In James Merrill’s poetry, words talk back. Eerily apt puns render individual words indelibly double; phrases gleam with multiple meanings like many-faceted gems. Merrill is formally graceful not just on the scale of entire poems but also microscopically: he treats individual letters and words as intricate miniature forms – as language’s atoms and molecules, respectively – and he finds a startling depth of meaning in their very shape. Even in his earliest work, he examines what human constructions’ powers of containment are, and what happens when they break: “The Broken Bowl,” from First Poems, imagines the “spectrums” which, “released, will speak/Of colder flowerings where cold crystal broke” (CP 4). In his later poems, Merrill less evasively and more subtly addresses the nature of his medium, written language, to test the limits of what it can hold and what happens when, as proves inevitable since it is a physical substance, it breaks down. Over the course of Merrill’s poetic career, what begins as a virtuoso poet’s game — what can language do? — deepens, as the poet grows increasingly aware of his own mortality, into a matter of utmost significance: what is language’s power of preservation? Is there meaning in language’s tendency, when properly listened-to, to make sense of its own accord — and, to extend that, is there sense in the way language is physically constructed, in the very shapes of letters and words? Are the visible forms of language themselves the cry of their occasion, a literal embodiment of their meanings? With ever-increasing urgency throughout the second half of his career, Merrill tests the edifice of language by tearing it apart: every so often, he razes a structure he’d just (so skillfully) erected, simply to see what remains, or what rises from the ashes. The desired end of Merrill’s experiments in disintegration is for language to respond to the pressure he puts on it, to seem to make its own sense in spite of the poet’s efforts, and thus to intimate the presence of a life, in his poems, beyond that of the poet’s conscious effort.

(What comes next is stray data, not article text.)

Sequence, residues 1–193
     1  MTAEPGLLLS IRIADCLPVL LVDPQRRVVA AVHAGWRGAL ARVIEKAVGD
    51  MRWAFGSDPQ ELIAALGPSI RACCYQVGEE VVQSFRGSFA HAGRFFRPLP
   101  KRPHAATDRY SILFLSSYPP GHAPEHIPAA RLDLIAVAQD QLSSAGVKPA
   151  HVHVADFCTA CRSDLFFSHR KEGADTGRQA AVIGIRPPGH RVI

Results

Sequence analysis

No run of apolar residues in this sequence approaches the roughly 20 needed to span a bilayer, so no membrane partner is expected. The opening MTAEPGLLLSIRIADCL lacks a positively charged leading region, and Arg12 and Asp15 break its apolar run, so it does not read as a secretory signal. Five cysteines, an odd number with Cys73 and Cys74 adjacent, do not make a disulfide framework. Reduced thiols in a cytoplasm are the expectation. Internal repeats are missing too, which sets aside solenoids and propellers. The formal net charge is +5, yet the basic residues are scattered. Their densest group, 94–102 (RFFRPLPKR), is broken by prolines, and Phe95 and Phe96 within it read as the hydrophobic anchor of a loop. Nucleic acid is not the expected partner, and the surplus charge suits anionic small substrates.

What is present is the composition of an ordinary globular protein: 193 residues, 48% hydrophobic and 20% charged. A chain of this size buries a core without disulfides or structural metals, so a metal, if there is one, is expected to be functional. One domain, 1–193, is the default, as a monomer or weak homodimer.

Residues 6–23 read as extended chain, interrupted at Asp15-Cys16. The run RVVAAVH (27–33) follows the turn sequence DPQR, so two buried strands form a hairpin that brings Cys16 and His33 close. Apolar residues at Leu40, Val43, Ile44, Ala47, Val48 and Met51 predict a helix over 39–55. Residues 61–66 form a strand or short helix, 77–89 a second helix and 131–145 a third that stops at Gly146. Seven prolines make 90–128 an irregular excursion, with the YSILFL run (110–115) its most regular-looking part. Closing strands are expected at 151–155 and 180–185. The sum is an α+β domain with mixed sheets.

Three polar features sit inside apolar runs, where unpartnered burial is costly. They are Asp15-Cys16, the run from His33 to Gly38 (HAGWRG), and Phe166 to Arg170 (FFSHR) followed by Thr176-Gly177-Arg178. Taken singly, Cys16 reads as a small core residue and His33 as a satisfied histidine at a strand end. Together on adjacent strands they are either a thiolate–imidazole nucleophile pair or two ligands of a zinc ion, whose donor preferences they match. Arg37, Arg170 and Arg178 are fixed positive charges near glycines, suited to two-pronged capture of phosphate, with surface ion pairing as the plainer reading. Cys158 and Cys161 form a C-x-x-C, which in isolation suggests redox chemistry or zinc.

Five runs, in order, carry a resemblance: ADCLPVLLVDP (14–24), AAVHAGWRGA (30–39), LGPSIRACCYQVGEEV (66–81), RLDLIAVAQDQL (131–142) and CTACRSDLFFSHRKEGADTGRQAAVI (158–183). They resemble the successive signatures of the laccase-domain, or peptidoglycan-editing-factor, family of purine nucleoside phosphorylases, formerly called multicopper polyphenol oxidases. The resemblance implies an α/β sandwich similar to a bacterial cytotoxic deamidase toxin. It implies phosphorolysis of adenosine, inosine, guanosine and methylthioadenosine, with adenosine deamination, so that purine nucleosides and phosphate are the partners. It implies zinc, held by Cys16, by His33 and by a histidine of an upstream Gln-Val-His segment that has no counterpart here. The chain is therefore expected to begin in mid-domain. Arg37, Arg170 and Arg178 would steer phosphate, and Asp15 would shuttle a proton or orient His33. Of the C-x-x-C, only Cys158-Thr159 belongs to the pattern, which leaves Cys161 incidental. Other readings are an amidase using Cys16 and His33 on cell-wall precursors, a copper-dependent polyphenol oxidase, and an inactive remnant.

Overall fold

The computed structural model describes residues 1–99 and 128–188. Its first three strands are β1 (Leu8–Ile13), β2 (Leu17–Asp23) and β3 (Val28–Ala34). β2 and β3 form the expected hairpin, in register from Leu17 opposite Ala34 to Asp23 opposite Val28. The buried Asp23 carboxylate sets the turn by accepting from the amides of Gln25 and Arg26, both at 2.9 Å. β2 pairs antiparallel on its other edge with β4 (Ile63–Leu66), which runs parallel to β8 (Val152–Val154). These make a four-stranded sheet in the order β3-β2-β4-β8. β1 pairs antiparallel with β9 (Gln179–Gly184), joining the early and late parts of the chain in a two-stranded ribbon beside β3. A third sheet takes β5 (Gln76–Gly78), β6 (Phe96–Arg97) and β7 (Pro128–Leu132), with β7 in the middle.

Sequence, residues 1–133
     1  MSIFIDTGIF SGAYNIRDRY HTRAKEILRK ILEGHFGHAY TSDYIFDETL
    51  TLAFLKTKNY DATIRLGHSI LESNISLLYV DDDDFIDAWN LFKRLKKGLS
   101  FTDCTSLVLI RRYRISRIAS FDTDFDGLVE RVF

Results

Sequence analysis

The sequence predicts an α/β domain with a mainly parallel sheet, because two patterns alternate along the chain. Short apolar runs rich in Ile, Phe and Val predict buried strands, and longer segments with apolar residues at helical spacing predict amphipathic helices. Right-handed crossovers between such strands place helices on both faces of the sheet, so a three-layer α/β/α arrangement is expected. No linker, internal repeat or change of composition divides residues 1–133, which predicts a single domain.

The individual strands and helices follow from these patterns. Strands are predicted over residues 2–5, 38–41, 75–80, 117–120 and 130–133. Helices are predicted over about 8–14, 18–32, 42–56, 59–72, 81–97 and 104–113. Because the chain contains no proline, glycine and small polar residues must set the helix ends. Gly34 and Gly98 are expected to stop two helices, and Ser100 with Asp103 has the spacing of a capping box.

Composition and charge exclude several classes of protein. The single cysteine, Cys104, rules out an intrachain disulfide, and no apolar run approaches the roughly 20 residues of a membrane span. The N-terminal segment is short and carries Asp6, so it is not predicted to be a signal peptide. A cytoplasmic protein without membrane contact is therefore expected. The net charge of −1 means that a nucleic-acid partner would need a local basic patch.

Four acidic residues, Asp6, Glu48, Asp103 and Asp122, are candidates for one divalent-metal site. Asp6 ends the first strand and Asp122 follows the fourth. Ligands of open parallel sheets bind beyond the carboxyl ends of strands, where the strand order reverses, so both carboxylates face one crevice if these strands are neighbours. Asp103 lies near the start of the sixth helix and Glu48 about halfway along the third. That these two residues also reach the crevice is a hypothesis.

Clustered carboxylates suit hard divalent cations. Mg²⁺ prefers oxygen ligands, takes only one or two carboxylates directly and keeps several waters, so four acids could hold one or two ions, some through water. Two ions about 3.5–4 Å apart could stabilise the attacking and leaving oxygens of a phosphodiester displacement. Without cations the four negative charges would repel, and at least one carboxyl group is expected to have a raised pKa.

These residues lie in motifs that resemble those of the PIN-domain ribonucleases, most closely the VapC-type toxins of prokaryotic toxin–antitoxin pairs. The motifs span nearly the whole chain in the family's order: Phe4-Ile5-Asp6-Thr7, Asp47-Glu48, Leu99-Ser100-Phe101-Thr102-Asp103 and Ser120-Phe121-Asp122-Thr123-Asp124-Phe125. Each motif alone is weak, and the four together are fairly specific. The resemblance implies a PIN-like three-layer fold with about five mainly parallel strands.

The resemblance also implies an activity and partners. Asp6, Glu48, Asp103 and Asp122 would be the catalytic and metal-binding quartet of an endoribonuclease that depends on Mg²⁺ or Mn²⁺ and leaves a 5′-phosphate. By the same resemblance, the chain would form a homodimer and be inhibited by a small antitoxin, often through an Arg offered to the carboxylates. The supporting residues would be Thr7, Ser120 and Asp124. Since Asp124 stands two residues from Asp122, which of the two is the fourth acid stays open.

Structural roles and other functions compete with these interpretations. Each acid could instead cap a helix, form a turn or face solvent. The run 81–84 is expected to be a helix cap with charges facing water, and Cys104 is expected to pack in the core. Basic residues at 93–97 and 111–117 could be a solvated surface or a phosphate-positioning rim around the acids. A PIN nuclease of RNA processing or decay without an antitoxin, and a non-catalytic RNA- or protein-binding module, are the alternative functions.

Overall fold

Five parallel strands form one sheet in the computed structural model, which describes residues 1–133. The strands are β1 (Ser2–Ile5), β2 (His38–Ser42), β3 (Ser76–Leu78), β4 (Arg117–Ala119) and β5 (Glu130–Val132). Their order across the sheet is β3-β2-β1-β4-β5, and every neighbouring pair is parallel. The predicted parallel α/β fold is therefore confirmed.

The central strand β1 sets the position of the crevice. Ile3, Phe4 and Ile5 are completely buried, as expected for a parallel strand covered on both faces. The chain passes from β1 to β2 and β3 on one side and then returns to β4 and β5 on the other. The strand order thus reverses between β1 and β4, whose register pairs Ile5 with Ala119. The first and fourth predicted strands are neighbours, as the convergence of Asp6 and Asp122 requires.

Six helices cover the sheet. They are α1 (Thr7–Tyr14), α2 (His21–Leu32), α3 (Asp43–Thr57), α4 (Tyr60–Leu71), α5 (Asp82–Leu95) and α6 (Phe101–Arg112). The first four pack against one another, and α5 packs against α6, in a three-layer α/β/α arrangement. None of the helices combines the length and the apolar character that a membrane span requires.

Music’s love affair with language is an intense one – or rather, it ought to be. The old adages about the perfect marriage between music and text – “the words must serve the music,” “prima la musica, poi le parole,” etc. – reek of a certain outdated marital attitude. The relationship, at its best, has never been master-and-servant. It is a dynamic bond. The words and the music must put pressure on one another – they must be a little wary of one another,
and each recognize the other’s power, before they embrace.